Photos by MJ Klein & Hui-chen, including FOOD PHOTOS!
There were still other things to be seen at the temple (“wat” in Thai language).
After checking out the inside of the temple, we walked down to the lake. On the way we passed this Buddha with a parasol.
Even more bizarre is this paper-mache white elephant, complete with functioning trunk and penis. There are water outlets at both those locations (please I don’t want to use that word more than once on this blog, ever!) for what purpose, one can only guess. The elephant must be wheeled out during Songkran, the Thai new year celebration when water is sprayed everywhere. That’s the only thing I can think of.
Behind the temple is another model of the Royal Barge, on a lake.
We walked down this gangway (shown in the video) and onto the barge.
That’s me, shooting video with the Glidecam (but you can’t see it).
Once you’re onto the barge, it seems quite real. This shot is looking towards the front, from where we came.
The lake is full of fish, and I mean full of fish! Brunty bought some fish food and we went along the side of the barge and fed them.
In the video, you can hear Hui-chen’s reactions to seeing these fish go after the food! It’s really something to see! I wouldn’t fall in the lake if I were you….
The barge has a small temple and we checked it out.
Inside, we saw this photograph. The caption says:
“Queen of Nagas seized by American Army at Mekhong River, Laos Military Base on June 27, 1973 with the length of 7.80 meters.”
I found this photograph facinating partly because I had never heard of a “Queen of Nagas” fish before, and because I knew this was a oarfish. My research into the matter uncovered a well known hoax in Thailand. Bangkok expat Trevor Ranges has written a very informative expose of this hoax. Please read the article as it explains everything very clearly. The fish in this photo is indeed, an oarfish. These elusive fish occasionally wash up on beaches of the world’s warmer oceans. Some enterprising Thais have capitalized on the legend of the Naga to make money from tourists by selling this photograph. To be honest I doubt that the people who run the temple even realize that this photograph is a hoax.
This is a representation of the Naga, a mythological creature. The Naga image is used as rails along walkways as seen in previous photos of this temple. Actual events that take place on the Mekong river keep the legend of the Nagas alive. Many people believe that they inhabit the waters of the great river. This article coincides with the timing of the “Naga fireballs” at the end of the Buddhist lent.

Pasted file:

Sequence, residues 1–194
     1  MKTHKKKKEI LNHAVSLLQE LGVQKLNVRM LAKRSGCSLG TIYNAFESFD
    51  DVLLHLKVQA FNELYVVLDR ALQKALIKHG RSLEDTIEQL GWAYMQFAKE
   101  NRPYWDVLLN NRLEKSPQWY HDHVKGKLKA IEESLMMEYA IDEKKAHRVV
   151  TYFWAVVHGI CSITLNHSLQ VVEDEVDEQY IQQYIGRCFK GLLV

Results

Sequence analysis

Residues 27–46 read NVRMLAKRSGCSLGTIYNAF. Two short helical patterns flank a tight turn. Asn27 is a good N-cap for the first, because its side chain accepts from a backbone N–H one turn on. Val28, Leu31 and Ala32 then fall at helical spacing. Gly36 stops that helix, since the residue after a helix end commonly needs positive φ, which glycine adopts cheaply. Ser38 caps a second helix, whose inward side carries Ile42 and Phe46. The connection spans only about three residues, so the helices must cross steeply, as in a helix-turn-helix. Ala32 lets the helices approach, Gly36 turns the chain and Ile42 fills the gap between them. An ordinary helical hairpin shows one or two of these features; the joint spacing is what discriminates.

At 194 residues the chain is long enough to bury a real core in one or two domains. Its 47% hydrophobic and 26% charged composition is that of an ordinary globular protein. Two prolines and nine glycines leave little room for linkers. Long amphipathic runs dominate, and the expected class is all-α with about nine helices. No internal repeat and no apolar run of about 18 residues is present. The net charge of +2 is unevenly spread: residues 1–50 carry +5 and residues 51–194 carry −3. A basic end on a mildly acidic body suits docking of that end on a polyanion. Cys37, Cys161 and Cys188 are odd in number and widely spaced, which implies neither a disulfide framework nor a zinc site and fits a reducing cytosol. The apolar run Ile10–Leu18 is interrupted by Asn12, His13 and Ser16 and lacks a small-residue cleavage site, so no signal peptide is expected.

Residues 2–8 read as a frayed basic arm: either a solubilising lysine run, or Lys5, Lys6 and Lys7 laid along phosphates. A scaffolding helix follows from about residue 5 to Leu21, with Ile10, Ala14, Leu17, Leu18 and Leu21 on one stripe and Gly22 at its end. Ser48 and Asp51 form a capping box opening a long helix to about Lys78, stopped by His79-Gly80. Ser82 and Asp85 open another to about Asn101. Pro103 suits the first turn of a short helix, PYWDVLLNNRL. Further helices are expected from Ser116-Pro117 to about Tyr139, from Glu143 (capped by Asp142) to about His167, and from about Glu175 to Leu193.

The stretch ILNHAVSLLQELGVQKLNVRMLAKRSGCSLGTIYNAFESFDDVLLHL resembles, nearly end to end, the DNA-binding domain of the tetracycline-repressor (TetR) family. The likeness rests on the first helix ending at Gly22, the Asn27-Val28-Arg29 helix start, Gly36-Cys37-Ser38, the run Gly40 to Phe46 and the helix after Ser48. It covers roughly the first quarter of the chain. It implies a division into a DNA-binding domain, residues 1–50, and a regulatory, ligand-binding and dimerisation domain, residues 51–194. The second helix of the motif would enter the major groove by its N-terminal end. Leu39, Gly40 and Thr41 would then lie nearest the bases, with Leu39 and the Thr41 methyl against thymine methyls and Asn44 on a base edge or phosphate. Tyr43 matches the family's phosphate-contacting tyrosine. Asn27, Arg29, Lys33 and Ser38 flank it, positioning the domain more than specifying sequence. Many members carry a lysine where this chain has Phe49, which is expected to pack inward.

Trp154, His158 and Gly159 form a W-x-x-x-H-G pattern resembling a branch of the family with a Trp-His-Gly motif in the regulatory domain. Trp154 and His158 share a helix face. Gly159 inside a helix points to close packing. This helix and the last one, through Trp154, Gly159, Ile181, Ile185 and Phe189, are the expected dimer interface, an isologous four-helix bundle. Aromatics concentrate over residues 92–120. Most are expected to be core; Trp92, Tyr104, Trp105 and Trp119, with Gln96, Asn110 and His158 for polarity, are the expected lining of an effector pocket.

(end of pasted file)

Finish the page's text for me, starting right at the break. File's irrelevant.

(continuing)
This is a Google Earth image of the temple grounds. I recommend that you click this image and view the large size. At the left you can see the 3-headed elephant at the entrance, the land-based model of the Royal Barge, and also the lake with it’s larger Royal Barge mockup. The building opposite the land model of the Royal Barge contains the body of the deceased abbot (from part two in this series).
After visiting the temple, Hui-chen and I went back to our room to rest up for the grill party later that night.
Brunty picked us up at our room and took us back to his home in the early evening. This is a shot of Brunty’s famous charcoal grill. After reading about it, and enjoying several of Brunty’s parties from afar through his blog, I was very happy to finally be able to join in myself. Hui-chen didn’t quite know what to expect so she was anxious to see for herself. She wasn’t disappointed.
Here is Brunty at the workstation, busily tending to the cooking meat. The grill is very well designed and made by a local craftsman. I was impressed.
I finally get to use Brunty’s grill to dish out some grilled-food torture photos of my own!
Of course there was Thai food, plus one thing that I wasn’t accustomed to: Thai people with high levels of English skill. It was refreshing talking with Brunty’s Thai friends without having to struggle to convey things. Really a great time.
This is John (left) one of Brunty’s friends. John didn’t wear the traditional Thai men’s sarong though, and I was somewhat dissspointed as I thought John looked rather good in it. I wouldn’t mind having one myself. They look very comfortable. What do you think? John recently opened a new business in Ubon and we wish him success. I enjoyed talking with John and hearing his experiences in Thailand. Brunty (right) is drinking Sang Som with Sprite, soda and a slice of lime. Out of sight on the right is Hui-chen who was listening to our conversation.
Here is a group shot, taken by Hui-chen. It was a bit hot and I was sweating. Notice that the food is all gone!
I’ll leave you with this parting shot. Hui-chen noticed that there were tamarinds growing in Brunty’s yard, and she snapped a shot of them.
Thanks again Brunty! We had a great time hanging out with you and your excellent friends. My only regret is that I didn’t take more photos. I was too busy eating and talking!
Thanks for reading!